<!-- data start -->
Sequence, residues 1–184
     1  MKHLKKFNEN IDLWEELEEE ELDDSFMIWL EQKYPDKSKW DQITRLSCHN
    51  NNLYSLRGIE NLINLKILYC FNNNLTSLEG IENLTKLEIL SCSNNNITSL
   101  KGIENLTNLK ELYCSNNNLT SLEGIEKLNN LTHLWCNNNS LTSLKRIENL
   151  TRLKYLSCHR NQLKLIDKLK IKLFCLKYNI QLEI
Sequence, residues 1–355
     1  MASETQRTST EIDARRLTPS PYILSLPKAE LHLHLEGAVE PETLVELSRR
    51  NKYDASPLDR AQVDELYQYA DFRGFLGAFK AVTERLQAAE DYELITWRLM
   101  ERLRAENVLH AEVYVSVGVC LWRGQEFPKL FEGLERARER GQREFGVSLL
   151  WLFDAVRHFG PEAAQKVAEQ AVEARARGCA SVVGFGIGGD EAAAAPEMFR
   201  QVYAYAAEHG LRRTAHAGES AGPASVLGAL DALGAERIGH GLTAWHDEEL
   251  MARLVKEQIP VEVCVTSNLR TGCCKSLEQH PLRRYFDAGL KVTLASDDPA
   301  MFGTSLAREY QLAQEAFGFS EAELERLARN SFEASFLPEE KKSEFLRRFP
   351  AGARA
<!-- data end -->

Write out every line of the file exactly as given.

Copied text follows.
Sequence, residues 1–184
     1  MKHLKKFNEN IDLWEELEEE ELDDSFMIWL EQKYPDKSKW DQITRLSCHN
    51  NNLYSLRGIE NLINLKILYC FNNNLTSLEG IENLTKLEIL SCSNNNITSL
   101  KGIENLTNLK ELYCSNNNLT SLEGIEKLNN LTHLWCNNNS LTSLKRIENL
   151  TRLKYLSCHR NQLKLIDKLK IKLFCLKYNI QLEI
Sequence, residues 1–355
     1  MASETQRTST EIDARRLTPS PYILSLPKAE LHLHLEGAVE PETLVELSRR
    51  NKYDASPLDR AQVDELYQYA DFRGFLGAFK AVTERLQAAE DYELITWRLM
   101  ERLRAENVLH AEVYVSVGVC LWRGQEFPKL FEGLERARER GQREFGVSLL
   151  WLFDAVRHFG PEAAQKVAEQ AVEARARGCA SVVGFGIGGD EAAAAPEMFR
   201  QVYAYAAEHG LRRTAHAGES AGPASVLGAL DALGAERIGH GLTAWHDEEL
   251  MARLVKEQIP VEVCVTSNLR TGCCKSLEQH PLRRYFDAGL KVTLASDDPA
   301  MFGTSLAREY QLAQEAFGFS EAELERLARN SFEASFLPEE KKSEFLRRFP
   351  AGARA